AVI LEWIS: You know, Juan—
NAOMI KLEIN: It’s complicated.
AVI LEWIS: It is complicated. And people in Alberta, who live next to that biggest industrial project on Earth, have been very anxious about the pace of development and the costs of that project for a long time. And, you know, the oil and gas industry is a very conformist culture. And if you speak about renewable energy, you really get slapped down. It’s like a—there’s a bit of a locker room thing happening there. But the number of workers who told us off camera that they would rather be building wind turbines and putting up—installing solar panels was remarkable. They wouldn’t say it on camera, except for this one amazing guy in the film who’s a boilermaker named Lliam Hildebrand, who started an organization called Iron and Earth, where he’s organizing tar sands workers in support of renewable energy. And he’s building support fast. And there’s a huge constituency up there, especially now that the oil industry is laying off thousands and thousands of people, of workers in that industry who would rather go home and tell their kids what they did that day and feel proud of it.
NAOMI KLEIN: And there was actually a poll that just came out a couple of days ago in Canada, polling Albertans, where the tar sands are, showing that Albertans support a carbon tax. They overwhelmingly support more investments in renewable energy. There’s an exhaustion in Alberta just about the boom-and-bust cycle, the roller coaster of that boom that we chronicle. I mean, we were there during the peak of the boom. The money was just flowing in. We were interviewing these kids going, "This is nuts. I’m making way too much money." That’s what they were saying.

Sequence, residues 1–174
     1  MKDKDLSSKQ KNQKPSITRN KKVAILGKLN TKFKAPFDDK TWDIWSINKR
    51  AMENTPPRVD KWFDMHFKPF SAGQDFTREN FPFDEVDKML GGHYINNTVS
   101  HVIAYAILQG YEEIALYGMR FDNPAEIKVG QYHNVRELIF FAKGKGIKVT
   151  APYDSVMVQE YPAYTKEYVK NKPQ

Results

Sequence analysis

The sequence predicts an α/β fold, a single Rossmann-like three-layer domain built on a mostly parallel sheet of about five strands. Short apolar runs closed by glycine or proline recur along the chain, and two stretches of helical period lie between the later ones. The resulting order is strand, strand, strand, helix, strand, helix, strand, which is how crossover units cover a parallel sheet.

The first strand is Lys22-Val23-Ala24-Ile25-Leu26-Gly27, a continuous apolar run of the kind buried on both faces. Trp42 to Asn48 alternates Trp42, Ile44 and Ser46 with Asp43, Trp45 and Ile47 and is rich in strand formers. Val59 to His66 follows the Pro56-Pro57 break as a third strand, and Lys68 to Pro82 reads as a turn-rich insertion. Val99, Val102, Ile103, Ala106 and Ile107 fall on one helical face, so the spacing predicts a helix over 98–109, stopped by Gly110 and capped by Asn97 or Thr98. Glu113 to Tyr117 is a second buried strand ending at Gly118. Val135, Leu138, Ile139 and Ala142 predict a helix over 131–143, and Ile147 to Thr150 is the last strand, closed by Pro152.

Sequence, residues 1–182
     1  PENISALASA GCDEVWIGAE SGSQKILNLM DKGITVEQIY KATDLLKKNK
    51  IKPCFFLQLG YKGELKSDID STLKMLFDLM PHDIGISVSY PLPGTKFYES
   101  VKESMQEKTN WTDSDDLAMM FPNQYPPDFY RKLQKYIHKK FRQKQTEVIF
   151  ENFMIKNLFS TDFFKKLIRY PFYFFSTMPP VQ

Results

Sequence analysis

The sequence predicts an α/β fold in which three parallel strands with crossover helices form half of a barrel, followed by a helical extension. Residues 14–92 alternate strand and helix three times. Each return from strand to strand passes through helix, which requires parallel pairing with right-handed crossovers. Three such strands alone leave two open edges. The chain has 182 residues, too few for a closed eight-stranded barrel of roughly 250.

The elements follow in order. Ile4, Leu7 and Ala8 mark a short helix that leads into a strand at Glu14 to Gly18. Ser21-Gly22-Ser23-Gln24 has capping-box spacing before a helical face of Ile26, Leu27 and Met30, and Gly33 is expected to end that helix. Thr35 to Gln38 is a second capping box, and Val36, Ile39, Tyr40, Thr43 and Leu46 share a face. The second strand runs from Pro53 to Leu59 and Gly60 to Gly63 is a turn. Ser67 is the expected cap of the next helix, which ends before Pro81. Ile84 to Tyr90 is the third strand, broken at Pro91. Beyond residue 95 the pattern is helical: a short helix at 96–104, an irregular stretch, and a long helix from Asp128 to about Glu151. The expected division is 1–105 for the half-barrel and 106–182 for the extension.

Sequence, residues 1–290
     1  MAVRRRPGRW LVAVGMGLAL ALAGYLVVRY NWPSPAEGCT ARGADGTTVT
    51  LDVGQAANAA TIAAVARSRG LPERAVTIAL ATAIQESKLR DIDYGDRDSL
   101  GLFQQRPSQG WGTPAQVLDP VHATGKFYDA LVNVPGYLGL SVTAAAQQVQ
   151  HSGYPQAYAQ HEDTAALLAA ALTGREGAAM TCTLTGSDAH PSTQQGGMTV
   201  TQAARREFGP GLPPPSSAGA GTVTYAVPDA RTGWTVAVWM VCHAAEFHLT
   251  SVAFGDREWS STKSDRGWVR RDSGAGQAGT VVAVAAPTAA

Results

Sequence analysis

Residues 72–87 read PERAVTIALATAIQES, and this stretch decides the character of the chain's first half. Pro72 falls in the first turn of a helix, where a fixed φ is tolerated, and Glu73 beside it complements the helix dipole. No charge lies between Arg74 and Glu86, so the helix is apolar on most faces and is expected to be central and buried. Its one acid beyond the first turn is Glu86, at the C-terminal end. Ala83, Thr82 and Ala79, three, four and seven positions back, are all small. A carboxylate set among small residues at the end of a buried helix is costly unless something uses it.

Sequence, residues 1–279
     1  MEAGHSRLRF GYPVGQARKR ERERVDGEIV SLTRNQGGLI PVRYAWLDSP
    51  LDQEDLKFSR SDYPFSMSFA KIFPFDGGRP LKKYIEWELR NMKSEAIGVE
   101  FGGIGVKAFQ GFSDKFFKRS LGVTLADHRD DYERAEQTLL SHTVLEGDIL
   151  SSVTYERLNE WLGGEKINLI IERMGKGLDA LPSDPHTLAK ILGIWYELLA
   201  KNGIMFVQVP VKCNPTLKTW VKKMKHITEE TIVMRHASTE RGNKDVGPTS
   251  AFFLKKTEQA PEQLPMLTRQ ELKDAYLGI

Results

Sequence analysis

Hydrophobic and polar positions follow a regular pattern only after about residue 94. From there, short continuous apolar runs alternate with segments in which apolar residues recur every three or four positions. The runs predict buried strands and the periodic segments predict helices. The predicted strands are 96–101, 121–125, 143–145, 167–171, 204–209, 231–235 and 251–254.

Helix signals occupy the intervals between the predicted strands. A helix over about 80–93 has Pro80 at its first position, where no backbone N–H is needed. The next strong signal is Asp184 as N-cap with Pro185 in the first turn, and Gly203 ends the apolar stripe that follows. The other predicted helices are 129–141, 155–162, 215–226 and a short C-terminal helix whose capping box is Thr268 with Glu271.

AVI LEWIS: It’s true.
NAOMI KLEIN: They were kind of laughing, but you know. These are like 24-year-old kids, you know? Sorry, I mean young men. But we also interviewed a lot of workers who just talked about the kind of sadness of the place, right? Almost nobody who you meet in Fort McMurray is from Fort McMurray or has any intention of staying in Fort McMurray. People talk about their time there as, you know, "I’m on the four-month plan," "I’m on the six-month plan," "I’m on, you know, maybe the five-year plan," which is all—and the plan is always the same: Go in, work as hard as you possibly can, get as much money as you can, and get the hell out. Right? So in the film—